COLE: In terms of vulnerable to the insider threat, I usually say that organizations that are the most vulnerable are organizations that are connected to the internet, that have sensitive information, and that have employees working for them -- which pretty much means everyone. Now if you tie that with what is being targeted most today, a lot of the information that is being targeted are things for monetary gain; Social Security numbers for identity theft, credit card numbers for fraudulent charges, bank account information, research data and anything like that.
So when you are looking at the financial community, all that information on account records, credit card data and personal data -- that is going to be the primary target of the attackers. And what they are looking for today is: While targeting an individual can have benefit, going after the backend databases where all that resource is stored is going to give them a much better payoff. Why target 30,000 individuals when I could target one individual who works at a financial institution with access to a database that can give me 50,000, 80,000 or 100,000 records with a single attack?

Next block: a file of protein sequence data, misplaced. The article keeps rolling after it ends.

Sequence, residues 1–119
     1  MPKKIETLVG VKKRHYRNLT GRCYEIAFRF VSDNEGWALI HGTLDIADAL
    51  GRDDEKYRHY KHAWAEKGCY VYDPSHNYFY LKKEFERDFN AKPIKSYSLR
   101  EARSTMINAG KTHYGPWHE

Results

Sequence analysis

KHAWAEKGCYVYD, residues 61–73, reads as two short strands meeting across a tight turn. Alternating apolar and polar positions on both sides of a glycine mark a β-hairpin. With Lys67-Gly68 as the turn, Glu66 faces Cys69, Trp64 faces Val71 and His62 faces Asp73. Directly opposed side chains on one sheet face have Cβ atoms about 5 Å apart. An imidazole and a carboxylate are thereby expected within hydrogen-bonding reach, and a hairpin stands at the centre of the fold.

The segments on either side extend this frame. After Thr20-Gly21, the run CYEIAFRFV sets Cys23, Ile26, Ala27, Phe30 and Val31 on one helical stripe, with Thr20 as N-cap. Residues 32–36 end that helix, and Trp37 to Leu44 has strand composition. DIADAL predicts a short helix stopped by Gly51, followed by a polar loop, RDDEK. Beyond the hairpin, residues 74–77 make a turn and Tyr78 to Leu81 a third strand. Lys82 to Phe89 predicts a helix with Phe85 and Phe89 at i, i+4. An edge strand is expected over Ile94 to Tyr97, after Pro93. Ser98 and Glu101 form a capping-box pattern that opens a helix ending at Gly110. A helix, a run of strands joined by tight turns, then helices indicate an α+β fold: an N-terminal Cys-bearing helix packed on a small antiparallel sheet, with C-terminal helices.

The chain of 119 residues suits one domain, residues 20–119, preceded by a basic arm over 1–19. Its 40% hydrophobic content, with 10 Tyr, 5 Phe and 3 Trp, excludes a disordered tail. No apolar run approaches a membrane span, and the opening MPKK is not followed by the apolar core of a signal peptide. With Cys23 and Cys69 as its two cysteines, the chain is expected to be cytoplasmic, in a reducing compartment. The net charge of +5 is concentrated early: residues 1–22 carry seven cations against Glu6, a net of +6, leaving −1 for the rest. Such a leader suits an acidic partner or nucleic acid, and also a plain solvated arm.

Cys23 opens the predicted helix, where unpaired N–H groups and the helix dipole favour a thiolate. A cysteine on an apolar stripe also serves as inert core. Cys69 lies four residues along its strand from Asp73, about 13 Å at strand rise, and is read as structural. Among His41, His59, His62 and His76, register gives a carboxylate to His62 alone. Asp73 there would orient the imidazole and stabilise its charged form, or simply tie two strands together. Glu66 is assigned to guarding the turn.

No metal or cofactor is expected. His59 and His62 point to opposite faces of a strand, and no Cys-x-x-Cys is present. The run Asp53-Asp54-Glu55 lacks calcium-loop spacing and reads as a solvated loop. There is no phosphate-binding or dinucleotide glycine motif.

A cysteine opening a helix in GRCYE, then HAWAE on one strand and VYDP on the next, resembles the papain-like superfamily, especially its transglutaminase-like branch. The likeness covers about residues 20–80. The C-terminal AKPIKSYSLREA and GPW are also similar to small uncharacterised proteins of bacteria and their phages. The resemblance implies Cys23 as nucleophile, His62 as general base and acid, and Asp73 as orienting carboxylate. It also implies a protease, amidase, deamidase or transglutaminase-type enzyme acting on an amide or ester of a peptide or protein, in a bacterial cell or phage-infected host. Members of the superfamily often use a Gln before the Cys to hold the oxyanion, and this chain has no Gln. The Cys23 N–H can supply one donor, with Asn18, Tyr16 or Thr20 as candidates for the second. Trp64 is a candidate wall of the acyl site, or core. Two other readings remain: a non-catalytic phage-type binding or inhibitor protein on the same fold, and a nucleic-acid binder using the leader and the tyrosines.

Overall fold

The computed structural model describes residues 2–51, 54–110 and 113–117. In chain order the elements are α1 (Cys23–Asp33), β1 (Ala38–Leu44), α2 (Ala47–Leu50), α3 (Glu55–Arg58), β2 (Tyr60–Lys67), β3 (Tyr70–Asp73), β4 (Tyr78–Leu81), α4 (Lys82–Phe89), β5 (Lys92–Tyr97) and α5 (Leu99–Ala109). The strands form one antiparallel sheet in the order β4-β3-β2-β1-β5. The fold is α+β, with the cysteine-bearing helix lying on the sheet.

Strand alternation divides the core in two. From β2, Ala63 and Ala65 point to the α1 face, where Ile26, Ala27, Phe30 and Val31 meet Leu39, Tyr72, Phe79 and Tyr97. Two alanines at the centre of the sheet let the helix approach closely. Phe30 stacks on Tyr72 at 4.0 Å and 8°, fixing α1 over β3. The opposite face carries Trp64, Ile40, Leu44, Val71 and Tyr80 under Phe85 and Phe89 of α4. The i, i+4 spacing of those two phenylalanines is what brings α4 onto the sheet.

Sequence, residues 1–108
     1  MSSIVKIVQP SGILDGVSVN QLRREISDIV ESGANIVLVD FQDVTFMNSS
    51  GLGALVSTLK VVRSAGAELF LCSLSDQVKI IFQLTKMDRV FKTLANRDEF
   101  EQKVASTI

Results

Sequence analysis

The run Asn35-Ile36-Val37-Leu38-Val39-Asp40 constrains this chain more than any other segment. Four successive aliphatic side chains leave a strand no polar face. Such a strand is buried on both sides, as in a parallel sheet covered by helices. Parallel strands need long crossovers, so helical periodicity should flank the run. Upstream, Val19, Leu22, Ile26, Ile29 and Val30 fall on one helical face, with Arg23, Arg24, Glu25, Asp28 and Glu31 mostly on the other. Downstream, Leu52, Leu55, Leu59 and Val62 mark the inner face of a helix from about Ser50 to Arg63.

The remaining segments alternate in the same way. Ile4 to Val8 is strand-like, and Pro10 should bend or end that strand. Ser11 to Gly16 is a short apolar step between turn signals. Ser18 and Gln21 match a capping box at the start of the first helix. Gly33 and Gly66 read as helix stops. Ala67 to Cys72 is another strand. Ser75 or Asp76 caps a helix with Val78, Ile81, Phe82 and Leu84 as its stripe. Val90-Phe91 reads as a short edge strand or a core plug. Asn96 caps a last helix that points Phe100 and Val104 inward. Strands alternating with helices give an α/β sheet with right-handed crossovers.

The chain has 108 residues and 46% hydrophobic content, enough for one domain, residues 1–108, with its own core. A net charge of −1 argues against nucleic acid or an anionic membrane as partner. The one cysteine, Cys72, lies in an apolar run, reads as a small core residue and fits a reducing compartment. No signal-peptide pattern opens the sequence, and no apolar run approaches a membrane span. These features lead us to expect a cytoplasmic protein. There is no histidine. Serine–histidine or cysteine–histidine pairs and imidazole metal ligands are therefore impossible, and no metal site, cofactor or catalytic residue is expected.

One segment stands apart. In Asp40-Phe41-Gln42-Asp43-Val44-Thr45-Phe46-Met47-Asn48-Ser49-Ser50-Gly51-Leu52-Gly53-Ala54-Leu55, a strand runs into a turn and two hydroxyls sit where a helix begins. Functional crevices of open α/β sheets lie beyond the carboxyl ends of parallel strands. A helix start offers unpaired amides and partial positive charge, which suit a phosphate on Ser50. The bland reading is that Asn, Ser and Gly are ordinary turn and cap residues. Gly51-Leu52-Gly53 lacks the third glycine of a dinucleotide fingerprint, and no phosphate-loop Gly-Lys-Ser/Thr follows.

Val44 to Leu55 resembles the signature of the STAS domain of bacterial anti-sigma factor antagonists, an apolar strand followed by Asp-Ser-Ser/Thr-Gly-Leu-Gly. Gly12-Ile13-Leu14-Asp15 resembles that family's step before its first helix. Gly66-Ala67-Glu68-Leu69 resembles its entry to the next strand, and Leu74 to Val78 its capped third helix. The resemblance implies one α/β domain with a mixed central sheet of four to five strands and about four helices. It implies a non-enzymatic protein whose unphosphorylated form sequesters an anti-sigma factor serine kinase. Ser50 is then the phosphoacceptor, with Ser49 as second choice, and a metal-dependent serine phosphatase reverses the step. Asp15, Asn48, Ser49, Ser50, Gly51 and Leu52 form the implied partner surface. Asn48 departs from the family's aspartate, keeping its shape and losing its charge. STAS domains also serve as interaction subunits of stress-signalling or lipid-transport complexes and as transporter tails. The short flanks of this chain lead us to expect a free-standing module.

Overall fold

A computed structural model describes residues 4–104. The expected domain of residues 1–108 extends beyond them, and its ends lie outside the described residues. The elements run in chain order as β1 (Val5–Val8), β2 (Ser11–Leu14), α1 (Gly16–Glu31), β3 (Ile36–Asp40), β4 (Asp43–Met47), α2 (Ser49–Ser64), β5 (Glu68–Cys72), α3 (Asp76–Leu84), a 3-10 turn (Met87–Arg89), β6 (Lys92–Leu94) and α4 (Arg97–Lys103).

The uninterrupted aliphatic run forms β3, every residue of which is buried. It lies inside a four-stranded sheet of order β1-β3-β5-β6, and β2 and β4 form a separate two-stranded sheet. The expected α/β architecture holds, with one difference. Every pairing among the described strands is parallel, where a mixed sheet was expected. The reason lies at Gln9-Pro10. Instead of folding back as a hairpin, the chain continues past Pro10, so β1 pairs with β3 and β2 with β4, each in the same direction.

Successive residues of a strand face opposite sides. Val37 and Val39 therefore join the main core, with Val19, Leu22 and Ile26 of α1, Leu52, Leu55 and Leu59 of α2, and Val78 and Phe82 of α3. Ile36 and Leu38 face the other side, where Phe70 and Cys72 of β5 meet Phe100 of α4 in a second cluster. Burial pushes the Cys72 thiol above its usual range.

FIELD: Well let's talk about solutions now. In your experience, what types of technology solutions work best to mitigate the insider threat?
COLE: One of the big phrases that I always say with the insider is: No matter how hard you try, and no matter what you do in an organization, you can't stop stupid. The insiders in a lot of cases, when you talk about the accidental insider, are people that are doing stupid things that they don't think about.
The phrase that I always like to say is: While you can't stop people from doing stupid things, you can control and limit stupid. So one of the technologies that we are seeing that has a lot of benefit is isolation, or sandboxing. That is not only done with individual users, but that is also controlling access.
So for example, anybody who logs in as a privileged user or an administrator or root on your systems, let them perform that privileged access, but why would you ever allow somebody who is logged in as an admin or root to check email or surf the web? It is just an unnecessary risk. So by going in and allowing people logged in as privileged users only to perform the functions that are needed inside their organization and not allowing them to go out to the internet or perform any task they can do as a regular user is one form of what we are calling isolation or sandboxing.